Over 160,000 visitors and 21,474 dogs went to the Crufts dog show last year. However, if you were thinking of a visit yourself this year and bringing your pet along (10-13th March at the NEC Birmingham), unfortunately the only dogs allowed are those invited by the Kennel Club. Aside from being a fun day out, dog shows can be a great way of getting information and advice and often seeing what your dog could be capable of too. Not every dog is ready for the showring spotlight but there are loads of fun activities recognised now like heelwork to music, obedience, agility and flyball. The competitions and displays might inspire you and your dog to try them out at home!
Most dog training schools will offer specialist courses in different activities if you decide to try your dog out, but it’s worth checking what your dog has a natural instinct or preference for first. Dogs that love chasing tennis balls are likely to enjoy flyball, whilst an agile performer will love heelwork to music. Nearly all dogs will enjoy some kind of agility training where they can learn to weave through poles, try out jumps and race through tunnels which will exhilarate even the quieter breeds.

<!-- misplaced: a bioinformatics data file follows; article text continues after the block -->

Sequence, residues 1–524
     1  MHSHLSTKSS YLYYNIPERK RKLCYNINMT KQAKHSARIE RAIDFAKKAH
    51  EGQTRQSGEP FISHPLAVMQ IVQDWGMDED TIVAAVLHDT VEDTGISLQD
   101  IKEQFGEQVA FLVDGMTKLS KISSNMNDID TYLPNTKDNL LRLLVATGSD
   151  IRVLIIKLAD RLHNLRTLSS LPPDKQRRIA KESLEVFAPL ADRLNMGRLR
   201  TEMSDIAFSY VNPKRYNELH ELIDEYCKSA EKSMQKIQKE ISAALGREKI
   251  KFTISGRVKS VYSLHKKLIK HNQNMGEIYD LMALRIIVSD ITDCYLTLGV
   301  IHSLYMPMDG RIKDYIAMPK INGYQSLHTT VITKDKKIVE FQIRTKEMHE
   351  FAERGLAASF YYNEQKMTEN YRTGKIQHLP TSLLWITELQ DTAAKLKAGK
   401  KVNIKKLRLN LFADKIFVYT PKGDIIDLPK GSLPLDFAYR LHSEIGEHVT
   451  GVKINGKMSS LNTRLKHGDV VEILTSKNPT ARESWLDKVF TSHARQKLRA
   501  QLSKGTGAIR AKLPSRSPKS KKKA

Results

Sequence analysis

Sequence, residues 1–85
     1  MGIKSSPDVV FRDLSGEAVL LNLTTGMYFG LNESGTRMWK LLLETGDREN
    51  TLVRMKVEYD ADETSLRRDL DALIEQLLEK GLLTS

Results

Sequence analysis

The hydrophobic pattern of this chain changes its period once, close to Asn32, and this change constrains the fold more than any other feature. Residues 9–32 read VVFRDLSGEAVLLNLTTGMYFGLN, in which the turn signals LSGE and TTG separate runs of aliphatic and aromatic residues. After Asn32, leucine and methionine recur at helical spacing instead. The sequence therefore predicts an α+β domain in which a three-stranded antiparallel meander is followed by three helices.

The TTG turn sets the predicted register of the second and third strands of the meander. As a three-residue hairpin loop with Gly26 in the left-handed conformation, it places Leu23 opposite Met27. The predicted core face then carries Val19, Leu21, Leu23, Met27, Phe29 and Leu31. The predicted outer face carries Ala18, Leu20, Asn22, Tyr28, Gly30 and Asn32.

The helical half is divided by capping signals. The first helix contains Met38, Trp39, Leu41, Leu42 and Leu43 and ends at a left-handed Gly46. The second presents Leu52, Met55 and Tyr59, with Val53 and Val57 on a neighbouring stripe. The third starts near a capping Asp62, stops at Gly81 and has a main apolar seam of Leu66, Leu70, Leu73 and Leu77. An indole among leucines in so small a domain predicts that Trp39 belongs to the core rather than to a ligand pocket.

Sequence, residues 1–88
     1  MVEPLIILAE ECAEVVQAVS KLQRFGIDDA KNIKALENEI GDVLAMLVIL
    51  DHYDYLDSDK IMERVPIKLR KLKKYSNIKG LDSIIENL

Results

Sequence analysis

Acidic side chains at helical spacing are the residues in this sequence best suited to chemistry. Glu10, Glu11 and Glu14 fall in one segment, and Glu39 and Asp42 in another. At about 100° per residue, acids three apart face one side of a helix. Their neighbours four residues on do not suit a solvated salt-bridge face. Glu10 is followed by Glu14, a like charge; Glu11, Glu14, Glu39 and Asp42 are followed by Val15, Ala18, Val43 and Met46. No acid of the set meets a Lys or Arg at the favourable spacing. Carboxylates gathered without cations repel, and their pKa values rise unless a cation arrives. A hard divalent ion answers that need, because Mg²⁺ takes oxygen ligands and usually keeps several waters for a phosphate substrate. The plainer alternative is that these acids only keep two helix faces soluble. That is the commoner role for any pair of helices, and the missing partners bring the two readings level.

There are other benefits to visiting dog shows though. They often have a huge range of pet accessories, bedding, coats, leads and equipment that you don’t find as easily in the pet shop at home. If you’re there without your dog, it’s worth taking along an old collar or coat to measure up with, as impulse buys can be difficult to return if they don’t fit.
If you haven’t yet decided on your new dog and what he’s going to be, big dog shows are a great source of information. At Crufts most of Hall 3 is dedicated to a ‘discover dogs’ section where every registered Kennel Club breed is represented. Here you’ll find dogs to meet and stroke whilst their owners are happy to discuss their temperament and ideal home environment. At smaller, more relaxed shows you may see more examples of the new crosses and mixed breeds like Labradoodles, Chugs and three way crosses like the Cavapoochon, competing or spectating with their owners.
With all shows though, be prepared for a long day out and make sure your dog is being looked after at home whilst you’re there. Time can pass quickly at events and it’s worth being prepared for queues afterwards to leave the event, so if you’ve organised a dog-sitter or walker at home, they may need to stay a little longer than originally planned.